Nicola Sturgeon briefing RECAP: Margaret Ferrier MP refuses to resign her position

Follow here for all coronavirus updates in Scotland, the UK and around the world.

By Rachel Mackie
Monday, 12th October 2020, 2:19 pm

The First Minister has again called for MP Margaret Ferrier to resign after the SNP member broke coronavirus rules by taking the train back to Scotland after testing positive.

Ms Ferrier told the Scottish Sun: “This has been an awful experience but I’ll keep fighting for my constituents because that’s who I am.”

Nicola Sturgeon responded to this news saying: “I couldn’t be clearer, she should step down from Parliament.

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Photo credit Andrew Milligan/PA Wire

“The lapse of judgement in travelling hundreds of miles knowing she had tested positive for Covid-19 was so significant and so unacceptable that I don’t think there is any other acceptable course of action for her.”

Scotland recorded 956 new positive cases of coronavirus on Sunday.

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Coronavirus in Scotland: Follow here for all Monday’s updates

Last updated: Monday, 12 October, 2020, 12:22

  • 961 new coronavirus cases announced on Monday.
  • Visitors to Western General oncology ward hit by Covid did not have their temperatures checked.
  • Seven confirmed dead after outbreak at West Lothian care home.

Nicola Sturgeon repeats calls for Margaret Ferrier to resign as MP

Despite backlash over her journeys between Glasgow and Westminster with Covid-19 symptoms and then having tested positive for the virus, the former SNP MP has said she will not resign.

Ms Ferrier told the Scottish Sun that having the infection caused her to “act out of character” and she “panicked” before taking the 350-mile trip by train back to Scotland.

New three-tier Covid restrictions expected to hit the North of England

Pubs, gyms and casinos will be forced to close and all but essential travel to and from coronavirus hotspots banned under new measures aimed at limiting the spread of the coronavirus.

Prime Minister Boris Johnson will spell out his three-tier strategy on Monday with areas in England labelled as medium, high or very high risk, which will inform the "appropriate interventions" needed in each area.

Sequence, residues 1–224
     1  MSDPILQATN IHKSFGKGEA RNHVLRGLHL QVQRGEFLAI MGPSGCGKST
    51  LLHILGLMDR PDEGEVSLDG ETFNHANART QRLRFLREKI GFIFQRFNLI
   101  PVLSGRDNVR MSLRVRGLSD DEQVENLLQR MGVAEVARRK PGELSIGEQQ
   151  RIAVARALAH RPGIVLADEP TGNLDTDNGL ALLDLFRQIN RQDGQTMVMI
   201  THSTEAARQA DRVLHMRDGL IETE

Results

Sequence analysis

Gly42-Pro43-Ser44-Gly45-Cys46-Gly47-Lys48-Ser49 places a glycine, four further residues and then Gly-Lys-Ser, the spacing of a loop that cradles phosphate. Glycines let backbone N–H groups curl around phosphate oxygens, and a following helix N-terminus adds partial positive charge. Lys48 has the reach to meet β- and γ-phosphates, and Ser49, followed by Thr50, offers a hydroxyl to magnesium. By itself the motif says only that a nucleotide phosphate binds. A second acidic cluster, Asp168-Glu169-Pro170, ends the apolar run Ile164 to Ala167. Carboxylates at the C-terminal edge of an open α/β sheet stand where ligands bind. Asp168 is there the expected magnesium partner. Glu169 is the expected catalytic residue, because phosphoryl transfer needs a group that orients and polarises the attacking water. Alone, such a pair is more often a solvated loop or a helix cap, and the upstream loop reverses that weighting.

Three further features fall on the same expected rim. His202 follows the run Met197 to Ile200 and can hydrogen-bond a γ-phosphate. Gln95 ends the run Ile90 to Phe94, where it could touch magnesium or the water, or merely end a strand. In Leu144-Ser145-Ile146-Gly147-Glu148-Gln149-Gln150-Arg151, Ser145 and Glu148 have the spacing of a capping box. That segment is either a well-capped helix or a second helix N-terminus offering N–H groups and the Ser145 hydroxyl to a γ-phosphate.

Merseyside is expected to be among the areas subjected to Tier 3 restrictions - but there is still disagreement about a financial support package for the area should harsh measures be imposed.

A statement from seven local leaders, including Metro mayor Steve Rotheram and Liverpool Mayor Joe Anderson, said: "We made it clear we do not feel that the Furlough scheme announced recently is adequate and that businesses in the Region especially those in the hospitality sector and those serving it will be damaged and many will suffer long term damage or close for good.

"Government made it very, very clear they would not shift and improve the scheme."

Under the furlough scheme, the government paid 80% of workers' wages until August, with the scheme winding down until it is closed at the end of the month.

Coronavirus in Scotland: Margaret Ferrier MP claims SNP wrote her apology and 'forced her' to issue it

Margaret Ferrier has said that the SNP has ‘hung her out to dry’ after she breached the coronavirus laws.

British Airways chief executive Alex Cruz has stepped down as the airline struggles to cope with the coronavirus pandemic.

The carrier's parent company, IAG, announced that he has stepped down after four-and-a-half years in the role.

He has been replaced by Sean Doyle, who is the boss of another IAG airline, Aer Lingus.

Luis Gallego, who took over as IAG chief executive last month, said: "We're navigating the worst crisis faced in our industry and I'm confident these internal promotions will ensure IAG is well placed to emerge in a strong position.

"I want to thank Alex for all that he has done at British Airways. He worked tirelessly to modernise the airline in the years leading up to the celebration of its 100th anniversary.

"Since then, he has led the airline through a particularly demanding period and has secured restructuring agreements with the vast majority of employees."

British Airways has come under fire in recent months for its handling of up to 12,000 job cuts.

Covid-19 contact tracing teams run by private firms are slashed by UK Government Department of Health

The number of non-NHS contact tracers has been cut as more work is passed to local teams, the Department of Health has confirmed.

Non-NHS call handlers were reduced from 18,000 to 12,000 in August, and to 10,000 at the end of September.